Goodreads Challenge

2014 Reading Challenge

2014 Reading Challenge
Lauren has
read 44 books toward her goal of 70 books.
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In better news I am 3 books ahead on my overall book challenge for the year. Hurrah!

Lazy Saturday Review: The Assassin’s Blade

TBR

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Title: The Assassin’s Blade
Author: Sarah J. Maas
Series: Throne of Glass (The Novellas, #0.1- #0.5)
Edition: Paperback, 437 pages
Published: March 13th 2014 by Bloomsbury Childrens
Genre(s): YA; Fantasy
Disclosure? Nope, I bought it!
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Celaena Sardothien is Adarlan’s most feared assassin. As part of the Assassin’s Guild, her allegiance is to her master, Arobynn Hamel, yet Celaena listens to no one and trusts only her fellow killer-for-hire, Sam. In these action-packed novellas – together in one edition for the first time – Celaena embarks on five daring missions. They take her from remote islands to hostile deserts, where she fights to liberate slaves and seeks to avenge the tyrannous. But she is acting against Arobynn’s orders and could suffer an unimaginable punishment for such treachery. Will Celaena ever be truly free? Explore the dark underworld of this kick-ass heroine to find out.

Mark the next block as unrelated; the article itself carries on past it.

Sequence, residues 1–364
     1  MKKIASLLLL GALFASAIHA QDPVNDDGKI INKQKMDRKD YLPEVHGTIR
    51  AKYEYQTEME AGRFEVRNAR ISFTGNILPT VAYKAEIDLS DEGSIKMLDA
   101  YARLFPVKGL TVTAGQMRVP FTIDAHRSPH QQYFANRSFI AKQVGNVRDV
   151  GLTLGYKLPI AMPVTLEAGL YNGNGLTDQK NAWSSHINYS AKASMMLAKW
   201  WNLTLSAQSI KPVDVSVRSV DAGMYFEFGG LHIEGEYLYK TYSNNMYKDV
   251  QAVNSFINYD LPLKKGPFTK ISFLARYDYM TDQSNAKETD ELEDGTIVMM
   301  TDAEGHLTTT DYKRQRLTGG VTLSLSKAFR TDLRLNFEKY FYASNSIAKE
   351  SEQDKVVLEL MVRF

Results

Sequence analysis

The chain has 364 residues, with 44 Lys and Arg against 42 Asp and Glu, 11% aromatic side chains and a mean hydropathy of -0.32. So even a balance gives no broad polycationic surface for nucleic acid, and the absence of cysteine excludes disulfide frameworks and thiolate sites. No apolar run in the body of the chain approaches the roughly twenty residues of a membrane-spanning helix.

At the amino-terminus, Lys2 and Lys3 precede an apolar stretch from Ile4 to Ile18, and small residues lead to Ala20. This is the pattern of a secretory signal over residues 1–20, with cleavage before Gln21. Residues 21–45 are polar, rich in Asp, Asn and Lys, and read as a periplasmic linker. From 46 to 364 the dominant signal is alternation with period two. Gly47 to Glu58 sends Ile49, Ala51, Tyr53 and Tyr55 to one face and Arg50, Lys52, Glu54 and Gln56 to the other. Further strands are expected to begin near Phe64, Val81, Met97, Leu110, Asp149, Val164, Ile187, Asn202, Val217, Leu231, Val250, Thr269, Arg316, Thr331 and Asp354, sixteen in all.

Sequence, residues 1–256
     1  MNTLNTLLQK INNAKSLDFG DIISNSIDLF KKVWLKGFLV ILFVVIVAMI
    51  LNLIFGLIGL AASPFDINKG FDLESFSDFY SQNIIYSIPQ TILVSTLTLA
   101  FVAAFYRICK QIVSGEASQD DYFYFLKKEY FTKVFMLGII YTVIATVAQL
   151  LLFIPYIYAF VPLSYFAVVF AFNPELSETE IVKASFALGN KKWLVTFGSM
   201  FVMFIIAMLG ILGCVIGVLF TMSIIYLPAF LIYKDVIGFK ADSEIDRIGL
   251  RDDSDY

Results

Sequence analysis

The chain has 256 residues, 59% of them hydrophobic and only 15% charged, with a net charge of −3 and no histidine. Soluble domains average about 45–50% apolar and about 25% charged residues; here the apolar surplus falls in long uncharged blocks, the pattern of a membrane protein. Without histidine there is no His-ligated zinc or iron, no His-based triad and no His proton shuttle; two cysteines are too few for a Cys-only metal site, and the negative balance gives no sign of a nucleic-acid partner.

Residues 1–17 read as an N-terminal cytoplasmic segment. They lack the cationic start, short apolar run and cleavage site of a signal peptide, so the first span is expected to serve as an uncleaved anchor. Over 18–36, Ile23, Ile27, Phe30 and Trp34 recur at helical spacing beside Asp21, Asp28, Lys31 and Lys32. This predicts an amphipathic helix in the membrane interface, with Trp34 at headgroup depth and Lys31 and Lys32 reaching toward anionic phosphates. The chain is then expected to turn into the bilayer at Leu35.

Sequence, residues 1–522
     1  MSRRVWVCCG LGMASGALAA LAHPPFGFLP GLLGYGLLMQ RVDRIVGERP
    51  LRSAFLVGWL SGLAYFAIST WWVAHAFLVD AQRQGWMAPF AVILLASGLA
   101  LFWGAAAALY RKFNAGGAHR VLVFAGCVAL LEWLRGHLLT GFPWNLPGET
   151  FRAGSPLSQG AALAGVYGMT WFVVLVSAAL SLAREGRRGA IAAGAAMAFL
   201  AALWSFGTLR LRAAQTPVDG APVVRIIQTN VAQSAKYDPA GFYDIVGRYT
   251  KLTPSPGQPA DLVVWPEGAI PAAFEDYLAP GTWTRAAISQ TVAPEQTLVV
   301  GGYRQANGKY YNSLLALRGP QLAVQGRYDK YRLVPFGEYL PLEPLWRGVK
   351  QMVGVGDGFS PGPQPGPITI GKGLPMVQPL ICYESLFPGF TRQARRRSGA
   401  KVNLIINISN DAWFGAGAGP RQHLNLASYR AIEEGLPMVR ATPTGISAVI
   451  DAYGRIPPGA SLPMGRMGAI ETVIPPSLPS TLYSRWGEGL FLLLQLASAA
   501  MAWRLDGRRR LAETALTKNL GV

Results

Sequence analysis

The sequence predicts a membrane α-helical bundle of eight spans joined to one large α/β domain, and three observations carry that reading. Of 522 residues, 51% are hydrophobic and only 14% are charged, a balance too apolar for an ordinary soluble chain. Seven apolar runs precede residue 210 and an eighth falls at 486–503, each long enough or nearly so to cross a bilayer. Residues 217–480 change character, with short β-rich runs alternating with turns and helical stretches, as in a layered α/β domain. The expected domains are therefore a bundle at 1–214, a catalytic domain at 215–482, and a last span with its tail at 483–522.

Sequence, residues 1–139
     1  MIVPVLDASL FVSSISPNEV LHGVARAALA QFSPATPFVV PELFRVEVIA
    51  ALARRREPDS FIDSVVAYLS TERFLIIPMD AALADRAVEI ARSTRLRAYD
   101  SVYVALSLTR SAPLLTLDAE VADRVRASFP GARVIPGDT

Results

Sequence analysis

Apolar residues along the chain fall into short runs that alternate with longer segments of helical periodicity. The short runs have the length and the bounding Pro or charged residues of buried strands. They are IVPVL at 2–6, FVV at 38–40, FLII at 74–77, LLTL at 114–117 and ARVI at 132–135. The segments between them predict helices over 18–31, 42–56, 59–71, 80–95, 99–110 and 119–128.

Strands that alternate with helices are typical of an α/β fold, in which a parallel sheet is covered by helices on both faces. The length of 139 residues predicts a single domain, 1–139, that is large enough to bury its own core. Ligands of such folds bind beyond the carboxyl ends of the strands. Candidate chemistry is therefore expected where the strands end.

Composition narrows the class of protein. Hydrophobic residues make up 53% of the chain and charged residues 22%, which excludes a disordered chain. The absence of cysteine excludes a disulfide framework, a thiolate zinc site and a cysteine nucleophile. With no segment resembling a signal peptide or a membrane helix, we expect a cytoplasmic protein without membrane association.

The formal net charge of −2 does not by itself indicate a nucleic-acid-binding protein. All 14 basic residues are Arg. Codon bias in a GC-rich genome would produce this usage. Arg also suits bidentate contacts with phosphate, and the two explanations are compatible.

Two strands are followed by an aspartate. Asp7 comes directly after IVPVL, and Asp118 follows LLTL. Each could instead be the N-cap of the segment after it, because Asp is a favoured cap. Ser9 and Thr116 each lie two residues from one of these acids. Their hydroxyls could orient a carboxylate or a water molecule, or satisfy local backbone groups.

This has been at the top of my TBR pile since it came out in March. I’m totally in love with the series, but something was putting me off reading it. I’m not really a fan of novellas. I feel the same way about them as I do about short stories – I just don’t see the point. I prefer something more substantial that I can sink my teeth into.

However, I really loved this collection. It was hard not to. Not only do we get to witness all the events leading up to Celaena’s incarceration in the salt mines where the first book begins, but we also get to see the more human side of her too – her first love, Sam.